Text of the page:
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Dive boat owners seek legal protections under 1851 law

Investigators continue to look for the cause of a Sept. 2 fire off the coast of Southern California that killed 34 people aboard a dive boat. They hope for answers after the remains of the Conception were brought to the surface near Santa Barbara. Five crew members survived the fire.

The National Transportation Safety Board (NTSB) is joined in the investigation by the Bureau of Alcohol, Tobacco, Firearms and Explosives (ATF) after the vessel was towed to a nearby naval installation where its power, fuel and electrical systems will be examined.

Ships owners cite 19th century maritime law

The dive boat’s owner, Truth Aquatics, filed a petition citing the 1851 Vessel Owners Limitation of Liability Act that could eliminate any compensation for victims’ families. The law limits an owner’s liability to the value of the ship and the cargo it was carrying. The law was implemented in the sinking of the Titanic in 1912 and the Deepwater Horizon oil spill in 2010.

The Titanic’s value was set at $96,000, which was split among nearly 1,500 families. Truth Aquatics claims the Conception’s value is zero. The families of the 33 passengers and lone crew member who died will be summoned for a court hearing before a federal judge.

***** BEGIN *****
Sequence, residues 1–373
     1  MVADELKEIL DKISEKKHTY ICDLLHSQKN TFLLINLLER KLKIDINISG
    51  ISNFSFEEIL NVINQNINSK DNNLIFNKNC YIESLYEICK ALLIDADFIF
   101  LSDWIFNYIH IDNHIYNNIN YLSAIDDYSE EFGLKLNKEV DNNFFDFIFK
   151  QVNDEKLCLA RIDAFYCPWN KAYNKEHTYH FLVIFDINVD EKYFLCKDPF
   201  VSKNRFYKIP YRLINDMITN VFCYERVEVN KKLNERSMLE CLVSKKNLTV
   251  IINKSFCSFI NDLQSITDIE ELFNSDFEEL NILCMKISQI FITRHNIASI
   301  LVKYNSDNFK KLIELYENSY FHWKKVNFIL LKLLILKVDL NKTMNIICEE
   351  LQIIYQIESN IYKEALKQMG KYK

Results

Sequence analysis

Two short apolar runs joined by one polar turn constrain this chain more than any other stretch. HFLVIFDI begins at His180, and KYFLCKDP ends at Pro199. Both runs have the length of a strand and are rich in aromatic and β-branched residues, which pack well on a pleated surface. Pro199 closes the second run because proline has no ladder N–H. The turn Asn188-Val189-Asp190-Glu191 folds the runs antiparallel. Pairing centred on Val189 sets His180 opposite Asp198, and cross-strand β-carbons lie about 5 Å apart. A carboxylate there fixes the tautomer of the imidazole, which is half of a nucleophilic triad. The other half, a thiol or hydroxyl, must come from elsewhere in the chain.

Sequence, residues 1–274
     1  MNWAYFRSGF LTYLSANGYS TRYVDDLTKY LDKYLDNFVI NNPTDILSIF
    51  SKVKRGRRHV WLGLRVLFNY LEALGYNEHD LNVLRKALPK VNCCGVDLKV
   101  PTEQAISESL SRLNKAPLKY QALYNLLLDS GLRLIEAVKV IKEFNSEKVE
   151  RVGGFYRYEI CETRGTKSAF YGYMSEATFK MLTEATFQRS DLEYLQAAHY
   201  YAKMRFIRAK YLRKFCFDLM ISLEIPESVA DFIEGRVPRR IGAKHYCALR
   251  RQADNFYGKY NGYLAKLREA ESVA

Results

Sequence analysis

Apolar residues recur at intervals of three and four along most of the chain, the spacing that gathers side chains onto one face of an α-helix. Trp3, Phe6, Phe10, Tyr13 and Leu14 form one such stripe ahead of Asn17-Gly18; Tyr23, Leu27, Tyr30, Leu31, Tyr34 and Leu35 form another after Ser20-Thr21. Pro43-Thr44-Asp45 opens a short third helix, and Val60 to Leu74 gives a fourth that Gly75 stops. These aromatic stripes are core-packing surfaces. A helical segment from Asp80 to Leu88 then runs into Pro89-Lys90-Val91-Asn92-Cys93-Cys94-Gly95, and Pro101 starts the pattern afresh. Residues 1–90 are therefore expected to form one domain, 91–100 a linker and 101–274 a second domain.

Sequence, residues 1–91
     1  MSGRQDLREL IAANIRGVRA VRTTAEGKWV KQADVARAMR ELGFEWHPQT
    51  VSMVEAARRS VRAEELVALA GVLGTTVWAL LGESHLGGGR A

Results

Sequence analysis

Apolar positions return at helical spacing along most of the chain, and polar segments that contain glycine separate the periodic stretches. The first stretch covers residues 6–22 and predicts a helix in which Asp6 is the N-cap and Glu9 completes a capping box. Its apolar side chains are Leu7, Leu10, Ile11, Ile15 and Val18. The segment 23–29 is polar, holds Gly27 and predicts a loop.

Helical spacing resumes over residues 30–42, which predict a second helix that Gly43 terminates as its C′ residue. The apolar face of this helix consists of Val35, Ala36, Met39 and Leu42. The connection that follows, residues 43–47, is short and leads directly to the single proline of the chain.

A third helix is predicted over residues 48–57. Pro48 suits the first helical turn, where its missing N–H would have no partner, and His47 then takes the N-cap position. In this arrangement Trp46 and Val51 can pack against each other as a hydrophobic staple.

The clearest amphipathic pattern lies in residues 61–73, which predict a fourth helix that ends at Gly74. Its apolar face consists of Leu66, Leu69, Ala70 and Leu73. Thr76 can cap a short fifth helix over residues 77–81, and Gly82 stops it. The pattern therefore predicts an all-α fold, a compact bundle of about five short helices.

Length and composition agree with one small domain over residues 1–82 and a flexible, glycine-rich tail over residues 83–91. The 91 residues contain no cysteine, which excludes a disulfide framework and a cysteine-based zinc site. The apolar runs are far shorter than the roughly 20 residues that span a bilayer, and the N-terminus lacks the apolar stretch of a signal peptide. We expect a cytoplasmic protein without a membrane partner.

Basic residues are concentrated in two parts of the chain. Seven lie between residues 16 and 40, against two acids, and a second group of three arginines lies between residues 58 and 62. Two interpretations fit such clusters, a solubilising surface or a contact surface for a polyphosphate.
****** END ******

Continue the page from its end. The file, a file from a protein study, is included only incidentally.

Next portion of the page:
Investigators focus on safety procedures

The NTSB and ATF are focusing on witness reports that the fire began in the boat’s sleeping quarters and was possibly started by an overheated lithium battery charger. One crew member also told investigators she did not hear any smoke alarms when the blaze awakened her.

The NTSB said no crew members were awake to alert passengers of the fire in the early morning hours, even though federal law required the charter boat to have a night watchman on duty. Crew members who survived may be covered under the Jones Act, which protects people who earn a living at sea and face hazards not seen by land-based workers.